c) (4 points) We say that the sequence of random variables $\left\{ X_n \right\}$ converges in probability to a random variable $X$ if $P\left( {|{X_n} - X| > \varepsilon } \right) \to 0$ as $n \to \infty$ for any $\varepsilon > 0$.  Suppose that $E{X_n} = \mu$ for all $n$ and that $Var\left(X_n \right) \to 0$ as $n \to \infty$. Prove that then $\left\{X_n\right\}$ converges in probability to $\mu$.

Remark. Question 3 leads to the simplest example of a law of large numbers: if $\left\{ X_n \right\}$ are i.i.d. with finite variance, then their sample mean converges to their population mean in probability.

Question 4. (8 points)

a) (4 points) Define a distribution function. Give its properties, with intuitive explanations.

b) (4 points) Is a sum of two distribution functions a distribution function? Is a product of two distribution functions a distribution function?

Remark. The answer for part a) is here and the one for part b) is based on it.

Question 5. (4 points) The Rakhat factory prepares prizes for kids for the upcoming New Year event. Each prize contains one type of chocolates and one type of candies. The chocolates and candies are chosen randomly from two production lines, the total number of items is always 10 and all selections are equally likely.

a) (2 points) What proportion of prepared prizes contains three or more chocolates?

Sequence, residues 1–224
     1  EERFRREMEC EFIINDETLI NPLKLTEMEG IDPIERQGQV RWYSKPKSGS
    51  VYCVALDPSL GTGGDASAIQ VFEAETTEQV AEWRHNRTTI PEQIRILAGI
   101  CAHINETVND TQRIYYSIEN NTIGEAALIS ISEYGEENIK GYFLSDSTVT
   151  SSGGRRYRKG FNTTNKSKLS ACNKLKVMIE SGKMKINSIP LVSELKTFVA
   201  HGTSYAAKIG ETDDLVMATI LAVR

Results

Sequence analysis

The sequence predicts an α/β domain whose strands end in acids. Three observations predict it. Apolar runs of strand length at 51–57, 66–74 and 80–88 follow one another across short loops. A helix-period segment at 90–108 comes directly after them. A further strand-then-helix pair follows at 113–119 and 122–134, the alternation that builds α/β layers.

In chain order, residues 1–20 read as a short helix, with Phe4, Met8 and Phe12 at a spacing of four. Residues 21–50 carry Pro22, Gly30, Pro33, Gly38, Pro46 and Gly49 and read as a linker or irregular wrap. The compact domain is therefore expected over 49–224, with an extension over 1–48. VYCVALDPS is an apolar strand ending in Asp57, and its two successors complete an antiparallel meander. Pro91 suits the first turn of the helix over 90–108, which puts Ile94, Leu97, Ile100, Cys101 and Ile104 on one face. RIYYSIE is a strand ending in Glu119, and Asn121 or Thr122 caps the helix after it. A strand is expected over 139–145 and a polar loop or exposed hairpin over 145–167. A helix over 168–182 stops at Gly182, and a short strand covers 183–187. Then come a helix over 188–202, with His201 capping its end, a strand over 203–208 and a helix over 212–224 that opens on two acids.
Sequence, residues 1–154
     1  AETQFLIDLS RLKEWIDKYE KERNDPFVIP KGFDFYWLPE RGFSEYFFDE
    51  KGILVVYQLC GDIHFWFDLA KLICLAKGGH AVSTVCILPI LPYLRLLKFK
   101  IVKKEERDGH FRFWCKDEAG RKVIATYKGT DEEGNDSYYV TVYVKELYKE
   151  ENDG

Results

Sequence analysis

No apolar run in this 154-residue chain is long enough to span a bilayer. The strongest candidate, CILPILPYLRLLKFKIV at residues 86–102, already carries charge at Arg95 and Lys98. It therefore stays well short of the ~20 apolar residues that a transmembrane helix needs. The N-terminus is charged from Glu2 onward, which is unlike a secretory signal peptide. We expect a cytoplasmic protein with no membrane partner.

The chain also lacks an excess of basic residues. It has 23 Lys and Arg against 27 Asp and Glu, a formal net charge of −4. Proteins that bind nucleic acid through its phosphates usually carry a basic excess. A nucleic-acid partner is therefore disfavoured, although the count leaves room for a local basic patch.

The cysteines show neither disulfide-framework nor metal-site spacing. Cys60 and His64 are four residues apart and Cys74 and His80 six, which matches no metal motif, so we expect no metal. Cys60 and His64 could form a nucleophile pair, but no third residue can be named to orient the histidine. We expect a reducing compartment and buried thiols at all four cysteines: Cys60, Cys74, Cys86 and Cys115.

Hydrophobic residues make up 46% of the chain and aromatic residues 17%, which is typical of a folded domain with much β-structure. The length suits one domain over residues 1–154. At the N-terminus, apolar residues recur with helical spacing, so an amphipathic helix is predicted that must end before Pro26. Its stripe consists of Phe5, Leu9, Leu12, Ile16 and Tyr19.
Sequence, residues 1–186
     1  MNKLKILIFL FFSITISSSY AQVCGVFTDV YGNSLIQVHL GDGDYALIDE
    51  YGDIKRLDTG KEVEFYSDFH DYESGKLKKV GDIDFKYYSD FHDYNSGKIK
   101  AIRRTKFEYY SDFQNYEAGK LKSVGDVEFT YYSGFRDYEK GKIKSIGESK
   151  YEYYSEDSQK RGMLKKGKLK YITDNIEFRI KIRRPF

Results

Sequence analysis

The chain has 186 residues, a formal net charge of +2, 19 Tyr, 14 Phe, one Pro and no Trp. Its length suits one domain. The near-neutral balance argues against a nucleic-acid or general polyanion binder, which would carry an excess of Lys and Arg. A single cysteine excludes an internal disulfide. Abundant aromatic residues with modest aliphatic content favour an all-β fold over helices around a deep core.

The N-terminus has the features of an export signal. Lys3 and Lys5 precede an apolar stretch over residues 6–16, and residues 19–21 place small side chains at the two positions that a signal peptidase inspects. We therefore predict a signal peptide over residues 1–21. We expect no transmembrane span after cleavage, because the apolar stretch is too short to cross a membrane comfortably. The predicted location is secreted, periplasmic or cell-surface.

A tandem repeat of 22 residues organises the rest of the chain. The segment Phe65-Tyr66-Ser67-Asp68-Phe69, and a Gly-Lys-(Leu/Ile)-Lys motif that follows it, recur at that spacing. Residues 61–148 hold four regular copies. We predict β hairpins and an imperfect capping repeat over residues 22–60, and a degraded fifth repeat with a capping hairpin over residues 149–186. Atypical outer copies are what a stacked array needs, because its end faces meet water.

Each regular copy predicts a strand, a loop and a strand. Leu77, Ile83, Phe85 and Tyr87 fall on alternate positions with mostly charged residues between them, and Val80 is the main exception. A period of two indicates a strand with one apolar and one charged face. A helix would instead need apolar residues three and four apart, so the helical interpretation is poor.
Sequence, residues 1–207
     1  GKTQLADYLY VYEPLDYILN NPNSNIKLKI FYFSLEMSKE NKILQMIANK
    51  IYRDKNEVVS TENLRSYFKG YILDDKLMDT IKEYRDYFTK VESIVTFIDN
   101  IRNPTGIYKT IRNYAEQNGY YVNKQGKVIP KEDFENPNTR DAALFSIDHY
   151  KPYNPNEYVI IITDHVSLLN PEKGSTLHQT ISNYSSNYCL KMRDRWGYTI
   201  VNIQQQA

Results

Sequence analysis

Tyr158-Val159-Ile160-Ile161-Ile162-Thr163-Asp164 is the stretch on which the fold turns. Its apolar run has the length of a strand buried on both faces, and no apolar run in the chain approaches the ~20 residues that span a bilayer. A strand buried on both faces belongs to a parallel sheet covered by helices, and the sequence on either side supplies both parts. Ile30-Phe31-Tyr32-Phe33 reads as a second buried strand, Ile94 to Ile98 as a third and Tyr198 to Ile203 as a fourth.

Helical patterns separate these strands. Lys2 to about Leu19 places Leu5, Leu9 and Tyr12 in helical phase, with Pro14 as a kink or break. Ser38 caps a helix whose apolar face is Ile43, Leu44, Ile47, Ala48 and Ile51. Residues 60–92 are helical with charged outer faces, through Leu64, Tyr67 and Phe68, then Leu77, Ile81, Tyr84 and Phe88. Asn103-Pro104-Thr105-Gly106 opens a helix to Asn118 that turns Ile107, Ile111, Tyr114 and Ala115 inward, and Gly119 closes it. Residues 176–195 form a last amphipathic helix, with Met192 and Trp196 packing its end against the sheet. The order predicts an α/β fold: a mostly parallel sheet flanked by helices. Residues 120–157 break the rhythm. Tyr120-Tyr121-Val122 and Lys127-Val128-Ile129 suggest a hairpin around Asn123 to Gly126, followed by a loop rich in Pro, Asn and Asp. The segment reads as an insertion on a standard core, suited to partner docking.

b) (2 points) 100 prizes have been sent to an orphanage. What is the probability that 50 of those prizes contain no more than two chocolates?

24
Oct 22

## A problem to do once and never come back

There is a problem I gave on the midterm that does not require much imagination. Just know the definitions and do the technical work, so I was hoping we could put this behind us. Turned out we could not and thus you see this post.

Problem. Suppose the joint density of variables $X,Y$ is given by

$f_{X,Y}(x,y)=\left\{ \begin{array}{c}k\left( e^{x}+e^{y}\right) \text{ for }0

I. Find $k$.

II. Find marginal densities of $X,Y$. Are $X,Y$ independent?

III. Find conditional densities $f_{X|Y},\ f_{Y|X}$.

IV. Find $EX,\ EY$.

When solving a problem like this, the first thing to do is to give the theory. You may not be able to finish without errors the long calculations but your grade will be determined by the beginning theoretical remarks.

### I. Finding the normalizing constant

Any density should satisfy the completeness axiom: the area under the density curve (or in this case the volume under the density surface) must be equal to one: $\int \int f_{X,Y}(x,y)dxdy=1.$ The constant $k$ chosen to satisfy this condition is called a normalizing constant. The integration in general is over the whole plain $R^{2}$ and the first task is to express the above integral as an iterated integral. This is where the domain where the density is not zero should be taken into account. There is little you can do without geometry. One example of how to do this is here.